Play of Consciousness. Just hearing Gurumayi mention Baba's spiritual autobiography took me way back to the start of my sadhana. Like every good beginner Siddha Yogi I had bought a copy of the hard cover edition, the one with the picture of Baba in his "lion of ganeshpuri" shaktipat pose on the cover. I began to devour it immediately, but have to say I didn't finish it for a long time. SY was too new and there were just too many other books and talks to command my attention (interesting phrase, that). And Play of Consciousness, let's face it, is a tough read for those who have not yet developed the appetite for colorful yogic kriyas and abstruse Indian philosophy. In the first years of my sadhana, it was just too much.
Eventually, of course, I came around. You just couldn't NOT read it if you were serious about the path. For a time during the late eighties and early nineties it was mentioned in every course, every Intensive. I vividly remember sitting on the hillside overlooking Nityananda Lake during the Fire Course one summer night. The leaders of the course were selectively humiliating South Fallsburg ashram insiders under the guise of asking them 'fiery' questions about their sadhana. The rumor was that the swamis asking the tough questions were wearing hidden earphones, that it was really Gurumayi who was behind the 'tapasya'. Later, it came out that it had been George Afif on the other end of the microphone, settling old scores and maintaining his iron grip over the ashram. As a newcomer and 'short term retreat participant' I couldn't know any of this; I just bought the line that those 'closest to the Guru's fire' were burning up karma.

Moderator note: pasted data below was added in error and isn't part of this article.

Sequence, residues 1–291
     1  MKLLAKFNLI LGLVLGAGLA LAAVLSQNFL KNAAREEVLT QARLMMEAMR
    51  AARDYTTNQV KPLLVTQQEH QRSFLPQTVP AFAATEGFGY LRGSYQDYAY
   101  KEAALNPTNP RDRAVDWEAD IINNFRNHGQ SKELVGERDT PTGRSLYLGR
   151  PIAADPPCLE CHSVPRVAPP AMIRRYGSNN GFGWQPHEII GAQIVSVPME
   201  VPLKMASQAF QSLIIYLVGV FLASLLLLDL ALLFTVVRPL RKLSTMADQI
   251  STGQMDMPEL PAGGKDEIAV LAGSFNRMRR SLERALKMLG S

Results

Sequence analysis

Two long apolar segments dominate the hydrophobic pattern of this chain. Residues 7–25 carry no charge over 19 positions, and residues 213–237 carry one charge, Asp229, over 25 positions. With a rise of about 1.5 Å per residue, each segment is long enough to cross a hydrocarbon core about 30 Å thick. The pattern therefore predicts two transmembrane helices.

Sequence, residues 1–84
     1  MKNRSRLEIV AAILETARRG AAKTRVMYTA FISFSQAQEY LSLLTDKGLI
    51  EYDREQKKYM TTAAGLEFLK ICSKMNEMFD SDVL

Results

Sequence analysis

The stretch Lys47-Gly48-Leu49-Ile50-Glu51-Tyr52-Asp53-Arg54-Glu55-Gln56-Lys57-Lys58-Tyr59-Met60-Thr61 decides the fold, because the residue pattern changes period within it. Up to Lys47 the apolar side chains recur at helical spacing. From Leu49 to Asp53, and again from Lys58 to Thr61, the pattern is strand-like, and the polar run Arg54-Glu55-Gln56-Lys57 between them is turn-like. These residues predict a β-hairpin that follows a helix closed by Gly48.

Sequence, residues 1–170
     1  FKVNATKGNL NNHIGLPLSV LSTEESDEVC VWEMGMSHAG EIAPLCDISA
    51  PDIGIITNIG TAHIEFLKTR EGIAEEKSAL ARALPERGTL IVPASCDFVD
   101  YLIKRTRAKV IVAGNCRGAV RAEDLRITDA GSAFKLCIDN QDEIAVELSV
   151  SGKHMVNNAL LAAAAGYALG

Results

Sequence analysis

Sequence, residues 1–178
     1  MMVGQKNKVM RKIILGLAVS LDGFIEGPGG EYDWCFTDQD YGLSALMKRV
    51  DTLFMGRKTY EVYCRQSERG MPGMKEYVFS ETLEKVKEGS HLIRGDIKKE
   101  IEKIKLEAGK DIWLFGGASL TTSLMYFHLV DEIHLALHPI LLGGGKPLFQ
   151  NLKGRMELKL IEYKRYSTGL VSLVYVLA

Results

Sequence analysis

At some point the questions came addressed to the general assembly of course participants. "Who here is not afraid of dying?" was one of the first. When a smattering of souls raised their hands they were made to stand up; the bravest among them volunteered to be handed a mic and have their resolve tested. As each one explained the source of their fearlessness the leaders mocked them, exposed their flimsy devotional rationales, taunted them by saying that the Guru wouldn't be with them at the moment of their death. I remember this so well because my best friend at the time was one of the unfortunates. I ached for him, but wasn't fearless enough to stand up in his defense, only smart enough to keep my head down and not answer the next question—which was "Who here has not read Play of Consciousness?" Amazingly, people stood up to confess this lapse. You can imagine the abuse these 'seekers after the truth' were subjected to—they wanted to follow in Baba's footsteps and couldn't even be bothered to read his spiritual autobiography?
But the leaders were not finished with the rest of us. "Who has only read Play of Consciousness once? Stand up!" And then, of course, who has read it only twice? Three times? The point was hammered home with each fresh rank of failures, until nearly everybody was standing. Why hadn't we read the greatest book about sadhana ever written, over and over again? What obstinancy kept us from continually studying what was the sum and summation of Baba's spiritual knowledge and attainment! What kind of seekers were we?